Lost in the museum: an orphaned collection of shallow-water South African echinoderms

JM Olbers1, FEW Rowe2, Y Samyn.3, CL Griffiths.1

1. Zoology Department, University of Cape Town, Private Bag X3, Rondebosch, 7701, South Africa.

2. Senior Research Fellow, Australian Museum Sydney, Australia

3. Royal Belgian Institute of Natural Sciences, Brussels, Belgium.

Information on the location of type specimens is often not readily available via the internet. This makes finding types time consuming and cumbersome as it often involves contacting several collection managers. The echinoderm collections in South Africa is no different in this respect. Within South Africa the largest collection of echinoderm samples is housed in the iZiko South African Museum in Cape Town and two known ‘satellite’ collections are located in the Durban Natural Science Museum (DNSM) and the Ezemvelo KZN Wildlife collection in Durban. The contents of all these collections are not available online and information about the type specimens within these collections is therefore often hard to find. During a study on the ophiuroids of South Africa, a small orphaned collection of echinoderms was found at the DNSM despite the fact that its presence was unknown to the curator or director of the museum! The collection included valuable specimens from the region notably, the holotypes of Asteroschema capensis (Ophiuroidea) and Anthenoides marleyi (Asteroidea), described by Mortensen in 1925. The second asteroid species, Hacelia superba var. capensis Mortensen 1925, was unfortunately not found and its whereabouts remain unknown. The DNSM collection includes 82 specimens (preserved wet and dry) of Asteroidea, Ophiuroidea and Echinoidea. This paper summarizes the known information of this collection and highlights the ophiuroids of other collections within South Africa. The specimens found in the largest collection of South African shallow-water east coast ophiuroids (housed at the Royal Museum for Central Africa in Belgium) are also presented.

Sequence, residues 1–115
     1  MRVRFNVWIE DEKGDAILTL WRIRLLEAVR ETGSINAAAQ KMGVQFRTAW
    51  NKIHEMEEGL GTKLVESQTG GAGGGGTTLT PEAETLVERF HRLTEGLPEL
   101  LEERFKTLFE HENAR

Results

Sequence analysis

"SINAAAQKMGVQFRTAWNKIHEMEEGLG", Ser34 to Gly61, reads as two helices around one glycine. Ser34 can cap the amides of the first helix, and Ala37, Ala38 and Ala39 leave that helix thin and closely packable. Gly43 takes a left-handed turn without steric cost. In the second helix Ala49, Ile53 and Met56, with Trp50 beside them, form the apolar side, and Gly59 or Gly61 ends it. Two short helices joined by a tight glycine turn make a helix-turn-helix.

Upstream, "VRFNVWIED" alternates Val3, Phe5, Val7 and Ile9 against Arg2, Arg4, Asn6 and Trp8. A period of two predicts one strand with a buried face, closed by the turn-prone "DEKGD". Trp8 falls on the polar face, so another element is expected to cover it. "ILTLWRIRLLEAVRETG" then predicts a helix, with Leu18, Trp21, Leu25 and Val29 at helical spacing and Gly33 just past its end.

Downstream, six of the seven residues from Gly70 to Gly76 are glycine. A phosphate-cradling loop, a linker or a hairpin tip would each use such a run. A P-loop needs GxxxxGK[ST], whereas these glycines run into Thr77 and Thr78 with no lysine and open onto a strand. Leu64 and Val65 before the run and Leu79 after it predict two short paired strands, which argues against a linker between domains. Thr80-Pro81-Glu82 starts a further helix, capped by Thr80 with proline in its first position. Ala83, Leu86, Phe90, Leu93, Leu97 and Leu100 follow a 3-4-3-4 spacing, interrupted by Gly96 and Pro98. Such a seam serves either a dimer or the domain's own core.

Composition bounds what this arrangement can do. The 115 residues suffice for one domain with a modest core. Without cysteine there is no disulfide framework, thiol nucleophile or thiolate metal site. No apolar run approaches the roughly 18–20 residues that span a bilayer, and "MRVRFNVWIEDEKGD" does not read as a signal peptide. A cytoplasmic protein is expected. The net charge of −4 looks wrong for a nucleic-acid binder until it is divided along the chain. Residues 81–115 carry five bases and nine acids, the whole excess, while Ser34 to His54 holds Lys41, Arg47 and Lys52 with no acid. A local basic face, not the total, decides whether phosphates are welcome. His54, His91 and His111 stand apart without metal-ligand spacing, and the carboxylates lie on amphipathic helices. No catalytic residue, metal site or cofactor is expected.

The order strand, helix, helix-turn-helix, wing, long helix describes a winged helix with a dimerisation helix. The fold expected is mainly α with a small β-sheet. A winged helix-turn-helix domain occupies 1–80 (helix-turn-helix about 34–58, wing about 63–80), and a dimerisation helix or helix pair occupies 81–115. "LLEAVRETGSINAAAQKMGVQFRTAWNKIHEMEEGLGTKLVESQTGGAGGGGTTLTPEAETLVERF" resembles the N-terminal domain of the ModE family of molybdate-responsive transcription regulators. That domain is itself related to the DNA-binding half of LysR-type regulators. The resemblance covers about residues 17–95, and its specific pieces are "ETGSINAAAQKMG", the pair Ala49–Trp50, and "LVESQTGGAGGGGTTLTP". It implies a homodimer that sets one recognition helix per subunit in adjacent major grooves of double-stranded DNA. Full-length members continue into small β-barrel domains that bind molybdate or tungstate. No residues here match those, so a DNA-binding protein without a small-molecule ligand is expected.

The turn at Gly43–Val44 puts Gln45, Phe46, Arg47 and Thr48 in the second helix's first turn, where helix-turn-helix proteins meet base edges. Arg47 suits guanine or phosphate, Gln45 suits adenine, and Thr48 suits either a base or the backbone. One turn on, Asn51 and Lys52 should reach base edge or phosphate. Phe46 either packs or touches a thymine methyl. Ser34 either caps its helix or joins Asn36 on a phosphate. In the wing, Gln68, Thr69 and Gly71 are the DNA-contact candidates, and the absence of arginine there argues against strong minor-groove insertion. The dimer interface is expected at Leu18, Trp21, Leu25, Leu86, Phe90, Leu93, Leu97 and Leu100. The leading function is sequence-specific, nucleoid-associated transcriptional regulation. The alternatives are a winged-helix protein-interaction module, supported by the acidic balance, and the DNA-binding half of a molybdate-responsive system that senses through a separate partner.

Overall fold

Marine research at Ezemvelo KZN Wildlife includes a long term monitoring programme of the subtidal reefs of KwaZulu-Natal (KZN). This project falls within a larger programme that monitors the marine and coastal resources of KZN to facilitate the decision making process in order to manage these resources effectively. The reefs of KZN are subject to a number of threats, i.e. divers, fishermen and climate change. This monitoring programme aims to detect subtle changes echoed by the change in benthic and fish communities on a variety of reefs. Six reefs (Kosi Bay, Leadsman Shoal, Sodwana Bay, Umhlali, Aliwal Shoal and Umtwalume) are monitored annually. Benthic cover is estimated at all sampling sites using a random quadrat method in which photographs are obtained and analyzed. A visual fish census is carried out on the reefs within the iSimangaliso Wetland Park with selected fish species being used as indicators of reef health. To compliment this data, underwater temperature recorders situated at four sites along the KZN coast record sea surface temperature (SST). The abundance of algae and sponges increase while the soft and hard coral cover decrease from north to south caused by a variety of factors, including SST, turbidity and light availability. Given the high number of divers on two-mile reef (50 000+ dives per year) at Sodwana Bay, this reef is monitored for bleaching and other signs of degradation. Benthic cover, SST data and some preliminary results of bleaching will be presented.

Presentation Topic

Lost in the museum: an orphaned collection of shallow-water South African echinoderms



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